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Man convicted of killing 2 police officers in Alaska village sentenced to prison for life

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    John Marvin Jr., looks down at his attorney, Eric Hedland, as Marvin addresses the court prior to his sentencing on Friday, April 5, 2013, in Juneau, Alaska. Marvin was sentenced to two consecutive sentences of 99 years in the deaths of two police officers. (AP Photo/Becky Bohrer)The Associated Press

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    John Marvin Jr. leans in toward his attorney, Eric Hedland, prior to Marvin's sentencing on Friday, April 5, 2013, in Juneau, Alaska. Marvin was sentenced to two consecutive sentences of 99 years in the deaths of two police officers. (AP Photo/Becky Bohrer)The Associated Press

An Alaska man has been sentenced to prison for life in the 2010 shooting deaths of two Hoonah police officers, in a case that rocked that tiny community and galvanized the state's law enforcement community.

State court Judge David George on Friday sentenced John Marvin Jr. to two consecutive sentences of 99 years in the deaths of Hoonah Police Sgt. Anthony Wallace and officer Matthew Tokuoka.

Jurors in November found that Wallace was on duty at the time of the killing, which the judge said necessitated the 99-year term. He said that also made Marvin ineligible for parole on that count. Jurors did not make the same finding for Tokuoka, who was not yet on duty on Aug. 28, 2010, when Wallace pulled up in his vehicle behind Tokuoka and his family in front of Marvin's home, shortly before the shootings took place.

George said making the prison terms for the two killings run simultaneously, rather than one after the other, would have diminished the sentencing criteria he considered most critical — including the need to condemn Marvin's actions. He said Tokuoka was killed as he tended to Wallace and tried to get help.

The judge called Marvin a "dangerous individual" and said he believed Marvin carried out the killings in revenge for a prior run-in with the officers. He said he would recommend Marvin receive behavioral health services.

Marvin maintained his innocence at the hearing and gave a rambling statement in which he referred to past cases against him, talked about insurance and due process and repeatedly referred to himself as a "high-ranking royal." At other times, he flipped through a law book and interrupted his attorney, Eric Hedland. Marvin wore an orange jumpsuit and blue slip-on shoes and had chains around his wrists and ankles.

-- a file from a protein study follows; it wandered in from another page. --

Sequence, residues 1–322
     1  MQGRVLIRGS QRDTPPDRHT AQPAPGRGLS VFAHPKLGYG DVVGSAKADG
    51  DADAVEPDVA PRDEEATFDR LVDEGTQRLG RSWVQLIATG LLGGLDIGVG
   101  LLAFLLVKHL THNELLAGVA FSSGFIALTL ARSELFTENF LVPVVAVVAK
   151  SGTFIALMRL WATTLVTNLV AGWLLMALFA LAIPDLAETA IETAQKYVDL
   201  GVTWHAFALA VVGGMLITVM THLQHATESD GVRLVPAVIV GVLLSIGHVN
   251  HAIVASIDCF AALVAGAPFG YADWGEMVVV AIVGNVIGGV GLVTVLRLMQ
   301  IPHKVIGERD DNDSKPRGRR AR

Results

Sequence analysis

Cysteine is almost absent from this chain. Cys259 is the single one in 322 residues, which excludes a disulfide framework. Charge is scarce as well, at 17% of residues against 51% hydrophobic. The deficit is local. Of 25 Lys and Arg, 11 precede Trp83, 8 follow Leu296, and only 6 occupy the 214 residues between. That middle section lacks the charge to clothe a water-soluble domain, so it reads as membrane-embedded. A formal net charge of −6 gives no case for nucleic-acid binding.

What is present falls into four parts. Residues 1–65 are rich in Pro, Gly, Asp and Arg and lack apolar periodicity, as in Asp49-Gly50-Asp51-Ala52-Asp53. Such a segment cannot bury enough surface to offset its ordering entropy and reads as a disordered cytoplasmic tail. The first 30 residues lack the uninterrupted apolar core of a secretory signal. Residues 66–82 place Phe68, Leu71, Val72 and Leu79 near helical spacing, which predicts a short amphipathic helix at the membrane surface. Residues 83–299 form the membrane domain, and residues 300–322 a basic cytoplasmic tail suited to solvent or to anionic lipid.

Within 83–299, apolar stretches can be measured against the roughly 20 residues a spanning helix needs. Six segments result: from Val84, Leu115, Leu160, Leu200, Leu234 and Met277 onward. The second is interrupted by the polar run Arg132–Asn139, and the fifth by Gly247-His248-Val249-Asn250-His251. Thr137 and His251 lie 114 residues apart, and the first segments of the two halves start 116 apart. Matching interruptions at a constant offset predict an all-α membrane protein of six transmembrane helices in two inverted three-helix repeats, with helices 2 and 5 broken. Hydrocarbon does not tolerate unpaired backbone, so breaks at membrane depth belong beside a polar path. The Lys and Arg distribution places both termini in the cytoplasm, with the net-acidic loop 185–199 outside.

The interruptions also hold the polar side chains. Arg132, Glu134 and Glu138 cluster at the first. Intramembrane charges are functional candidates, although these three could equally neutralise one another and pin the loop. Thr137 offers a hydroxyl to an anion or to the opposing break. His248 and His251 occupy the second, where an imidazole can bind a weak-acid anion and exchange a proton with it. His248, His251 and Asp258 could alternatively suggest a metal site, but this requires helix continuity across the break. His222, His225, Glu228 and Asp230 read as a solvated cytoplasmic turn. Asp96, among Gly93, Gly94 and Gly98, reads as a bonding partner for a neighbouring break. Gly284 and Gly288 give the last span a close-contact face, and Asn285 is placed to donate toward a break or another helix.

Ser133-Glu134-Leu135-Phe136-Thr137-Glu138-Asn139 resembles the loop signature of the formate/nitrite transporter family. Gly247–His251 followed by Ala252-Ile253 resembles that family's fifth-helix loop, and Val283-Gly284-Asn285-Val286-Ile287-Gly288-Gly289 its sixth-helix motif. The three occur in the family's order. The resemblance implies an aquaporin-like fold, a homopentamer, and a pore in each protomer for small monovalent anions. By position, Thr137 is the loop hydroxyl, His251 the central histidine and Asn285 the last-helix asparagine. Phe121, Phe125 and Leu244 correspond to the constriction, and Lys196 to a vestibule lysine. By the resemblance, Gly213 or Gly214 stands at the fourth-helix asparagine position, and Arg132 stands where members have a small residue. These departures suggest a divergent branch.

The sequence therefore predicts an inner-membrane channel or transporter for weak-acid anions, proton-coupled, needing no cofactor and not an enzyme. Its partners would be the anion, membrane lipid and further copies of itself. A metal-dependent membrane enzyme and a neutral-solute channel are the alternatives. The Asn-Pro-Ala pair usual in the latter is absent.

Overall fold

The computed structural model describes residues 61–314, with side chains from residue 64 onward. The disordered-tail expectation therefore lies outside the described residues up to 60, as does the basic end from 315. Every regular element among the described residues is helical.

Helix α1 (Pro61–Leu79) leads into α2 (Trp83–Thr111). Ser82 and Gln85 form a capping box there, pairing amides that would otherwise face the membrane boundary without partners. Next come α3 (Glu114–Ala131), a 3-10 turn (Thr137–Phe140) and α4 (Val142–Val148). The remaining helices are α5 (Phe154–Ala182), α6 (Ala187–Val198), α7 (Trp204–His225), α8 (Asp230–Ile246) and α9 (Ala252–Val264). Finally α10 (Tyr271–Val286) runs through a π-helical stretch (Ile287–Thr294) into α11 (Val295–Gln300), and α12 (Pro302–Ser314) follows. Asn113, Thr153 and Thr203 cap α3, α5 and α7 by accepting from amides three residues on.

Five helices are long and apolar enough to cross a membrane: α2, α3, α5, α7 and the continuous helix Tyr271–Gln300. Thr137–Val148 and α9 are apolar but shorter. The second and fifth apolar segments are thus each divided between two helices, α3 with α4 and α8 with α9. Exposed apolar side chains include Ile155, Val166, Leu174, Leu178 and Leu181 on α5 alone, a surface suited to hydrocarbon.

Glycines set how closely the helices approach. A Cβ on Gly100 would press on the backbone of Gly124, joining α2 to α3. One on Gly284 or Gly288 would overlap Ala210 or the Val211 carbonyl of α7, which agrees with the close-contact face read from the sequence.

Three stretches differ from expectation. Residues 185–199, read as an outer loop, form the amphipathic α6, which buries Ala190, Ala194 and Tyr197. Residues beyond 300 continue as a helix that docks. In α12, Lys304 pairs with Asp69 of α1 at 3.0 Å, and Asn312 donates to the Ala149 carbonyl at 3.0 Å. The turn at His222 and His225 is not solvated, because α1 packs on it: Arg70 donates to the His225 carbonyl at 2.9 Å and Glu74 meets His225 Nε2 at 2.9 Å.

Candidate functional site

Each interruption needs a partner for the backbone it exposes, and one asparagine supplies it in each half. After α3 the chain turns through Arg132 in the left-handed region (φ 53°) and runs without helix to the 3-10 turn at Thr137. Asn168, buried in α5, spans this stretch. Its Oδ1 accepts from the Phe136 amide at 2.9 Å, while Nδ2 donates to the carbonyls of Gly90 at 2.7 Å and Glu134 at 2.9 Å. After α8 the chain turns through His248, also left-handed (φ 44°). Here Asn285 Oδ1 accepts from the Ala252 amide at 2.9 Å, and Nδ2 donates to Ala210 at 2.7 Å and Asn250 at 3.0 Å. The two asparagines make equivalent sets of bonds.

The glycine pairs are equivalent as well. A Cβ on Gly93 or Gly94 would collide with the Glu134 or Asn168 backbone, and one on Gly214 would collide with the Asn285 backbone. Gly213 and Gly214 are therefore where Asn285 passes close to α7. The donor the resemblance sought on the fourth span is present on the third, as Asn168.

Marvin, 47, was convicted in November of first-degree murder in the deaths of Wallace and Tokuoka, who were gunned down in front of Marvin's home. According to testimony at trial, the Tokuokas had stopped at a trash bin near Marvin's home on the night of the shooting to get rid of scraps from an earlier family crab feast. Tokuoka's widow, Haley Tokuoka, testified she saw Marvin through the window of his home, slamming a dark object, which she said looked like a military ammunition container. She said she told her husband, "It looks like John Marvin is going crazy."

Wallace then pulled behind the couple's vehicle, jokingly flashing his lights and sounding his police siren. His mother, Debbie Greene, visiting from out of town, was on a ride-along with him.

Haley Tokuoka said she told Wallace her concerns and he shone his flashlight toward Marvin's house, drawing a rebuke from her husband. Wallace went to the couple's vehicle to talk to their kids while the Tokuokas spoke with Greene. Soon after, shots rang out.

The case reverberated across Alaska, with the officers' memorial televised statewide. Several police officers were present for Friday's sentencing, as they were when the verdicts were read.

During trial, District Attorney David Brower argued that Marvin held a grudge against the officers after a 2009 run-in. That incident, which left Marvin beaten up, stemmed from a trespassing call and led to charges against Marvin that eventually were dismissed. Brower argued Marvin killed Wallace and Tokuoka "in cold blood," and said bullets used matched a rifle in Marvin's home.

Hedland called the state's case circumstantial. He said no one saw who fired the shots and said investigators zeroed in on Marvin because he "fit the profile," from the prior incident to the location of the crime scene and his odd behavior. In his opening statements, Hedland said Marvin suffered from a "serious mental disability," but he called no psychologists or doctors who might have treated or examined Marvin.

On Friday, the judge heard statements from Greene, Haley Tokuoka and Tokuoka's father, Dean Goodner. Haley Tokuoka and Greene were a constant presence at Marvin's trial. Greene listened to Friday's hearing by phone, and Haley Tokuoka read Greene's heart-wrenching statement into the record for her.

"Only you know why you did what you did that night, and I really hope you can live with that," the statement said. "I just want so much to know why."

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